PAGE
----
Vaccine Photos on Townhall

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    Posted: 11/29/2011 2:35:49 PM EST
    CORRECTS TYPE OF VACCINE TO H5N1 INSTEAD OF H1N1 - In this photo taken on Thursday, Nov. 24, 2011, workers prepare to wrap the packages containing vials of H5N1 flu vaccine produced by Beijing-based drug maker Sinovac Biotech Ltd. in Beijing. The world should get ready for a new Made in China product, vaccines. After years of supplying its own market, China's vaccine makers are gearing up to push exports in a move that should lower costs of lifesaving immunizations for the world's poor and provide major new competition for the big Western pharmaceutical companies. (AP Photo/Andy Wong)
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    Posted: 11/29/2011 2:35:49 PM EST
    CORRECTS TYPE OF VACCINE TO H5N1 INSTEAD OF H1N1 - In this photo taken on Thursday, Nov. 24, 2011, workers inspect labels on vials containing H5N1 flu vaccine during production at the Beijing-based drug maker Sinovac Biotech Ltd. in Beijing. The world should get ready for a new Made in China product, vaccines. After years of supplying its own market, China's vaccine makers are gearing up to push exports in a move that should lower costs of lifesaving immunizations for the world's poor and provide major new competition for the big Western pharmaceutical companies. (AP Photo/Andy Wong)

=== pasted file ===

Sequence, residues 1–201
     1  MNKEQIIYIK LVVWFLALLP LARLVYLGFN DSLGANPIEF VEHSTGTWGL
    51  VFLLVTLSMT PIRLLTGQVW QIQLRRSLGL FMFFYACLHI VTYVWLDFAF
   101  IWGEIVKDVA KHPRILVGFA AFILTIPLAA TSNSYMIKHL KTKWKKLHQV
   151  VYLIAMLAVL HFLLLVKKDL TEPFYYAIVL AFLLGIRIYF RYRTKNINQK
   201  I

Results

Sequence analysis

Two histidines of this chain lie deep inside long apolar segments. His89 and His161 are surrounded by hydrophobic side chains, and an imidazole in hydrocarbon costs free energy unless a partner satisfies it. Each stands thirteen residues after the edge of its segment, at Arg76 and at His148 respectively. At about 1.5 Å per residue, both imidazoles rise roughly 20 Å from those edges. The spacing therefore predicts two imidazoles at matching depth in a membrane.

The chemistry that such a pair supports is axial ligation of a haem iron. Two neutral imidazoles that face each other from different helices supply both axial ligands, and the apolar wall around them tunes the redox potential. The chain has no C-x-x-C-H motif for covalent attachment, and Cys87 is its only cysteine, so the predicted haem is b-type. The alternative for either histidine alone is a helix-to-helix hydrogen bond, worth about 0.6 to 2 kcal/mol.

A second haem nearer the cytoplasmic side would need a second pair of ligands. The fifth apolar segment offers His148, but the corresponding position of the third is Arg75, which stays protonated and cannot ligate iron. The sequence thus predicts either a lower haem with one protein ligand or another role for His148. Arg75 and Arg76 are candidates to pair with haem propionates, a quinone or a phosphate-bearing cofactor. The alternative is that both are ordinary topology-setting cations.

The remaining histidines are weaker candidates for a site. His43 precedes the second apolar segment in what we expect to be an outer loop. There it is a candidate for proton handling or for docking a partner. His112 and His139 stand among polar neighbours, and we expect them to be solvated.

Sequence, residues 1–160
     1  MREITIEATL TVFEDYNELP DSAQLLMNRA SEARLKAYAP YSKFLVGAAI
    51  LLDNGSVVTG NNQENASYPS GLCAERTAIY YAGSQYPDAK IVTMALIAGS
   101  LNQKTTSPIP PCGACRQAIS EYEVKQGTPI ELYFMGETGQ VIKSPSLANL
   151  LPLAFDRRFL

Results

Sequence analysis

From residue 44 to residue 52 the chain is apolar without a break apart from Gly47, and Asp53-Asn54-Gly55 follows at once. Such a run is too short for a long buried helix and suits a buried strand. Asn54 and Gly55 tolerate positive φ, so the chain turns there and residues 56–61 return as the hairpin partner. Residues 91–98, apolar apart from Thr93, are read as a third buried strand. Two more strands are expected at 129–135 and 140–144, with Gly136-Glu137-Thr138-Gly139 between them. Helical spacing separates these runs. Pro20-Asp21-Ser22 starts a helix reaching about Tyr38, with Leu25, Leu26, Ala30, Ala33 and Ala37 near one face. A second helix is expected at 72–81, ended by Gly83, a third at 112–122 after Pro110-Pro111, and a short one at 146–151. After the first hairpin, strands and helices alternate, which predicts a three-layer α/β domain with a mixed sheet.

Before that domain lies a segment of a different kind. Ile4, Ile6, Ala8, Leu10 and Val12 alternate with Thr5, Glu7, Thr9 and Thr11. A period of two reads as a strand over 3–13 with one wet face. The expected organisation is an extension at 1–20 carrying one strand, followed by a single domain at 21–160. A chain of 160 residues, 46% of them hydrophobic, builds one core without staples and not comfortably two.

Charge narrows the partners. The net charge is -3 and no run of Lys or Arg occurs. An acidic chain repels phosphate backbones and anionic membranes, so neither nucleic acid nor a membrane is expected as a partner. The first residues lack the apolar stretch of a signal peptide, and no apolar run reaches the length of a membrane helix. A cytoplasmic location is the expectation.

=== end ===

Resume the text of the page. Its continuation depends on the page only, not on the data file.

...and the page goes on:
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    Posted: 11/29/2011 2:35:49 PM EST
    CORRECTS TYPE OF VACCINE TO H5N1 INSTEAD OF H1N1 - In this photo taken on Thursday, Nov. 24, 2011, a worker inspects vials containing H5N1 flu vaccine produced by Beijing-based drug maker Sinovac Biotech Ltd. in Beijing. The world should get ready for a new Made in China product, vaccines. After years of supplying its own market, China's vaccine makers are gearing up to push exports in a move that should lower costs of lifesaving immunizations for the world's poor and provide major new competition for the big Western pharmaceutical companies. (AP Photo/Andy Wong)
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    Posted: 11/29/2011 2:35:49 PM EST
    CORRECTS TYPE OF VACCINE TO H5N1 INSTEAD OF H1N1 - In this photo taken on Thursday, Nov. 24, 2011, a worker inspects the label on vials containing H5N1 flu vaccine produced by Beijing-based drug maker Sinovac Biotech Ltd. in Beijing. The world should get ready for a new Made in China product, vaccines. After years of supplying its own market, China's vaccine makers are gearing up to push exports in a move that should lower costs of lifesaving immunizations for the world's poor and provide major new competition for the big Western pharmaceutical companies. (AP Photo/Andy Wong)